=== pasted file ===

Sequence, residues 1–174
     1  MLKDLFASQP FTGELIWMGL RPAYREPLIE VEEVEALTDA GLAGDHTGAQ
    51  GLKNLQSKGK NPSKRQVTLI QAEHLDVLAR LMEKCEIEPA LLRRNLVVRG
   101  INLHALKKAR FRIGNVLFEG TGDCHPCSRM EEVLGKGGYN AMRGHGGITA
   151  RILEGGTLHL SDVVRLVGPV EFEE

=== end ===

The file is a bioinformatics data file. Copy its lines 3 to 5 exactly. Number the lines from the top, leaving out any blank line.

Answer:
    51  GLKNLQSKGK NPSKRQVTLI QAEHLDVLAR LMEKCEIEPA LLRRNLVVRG
   101  INLHALKKAR FRIGNVLFEG TGDCHPCSRM EEVLGKGGYN AMRGHGGITA
   151  RILEGGTLHL SDVVRLVGPV EFEE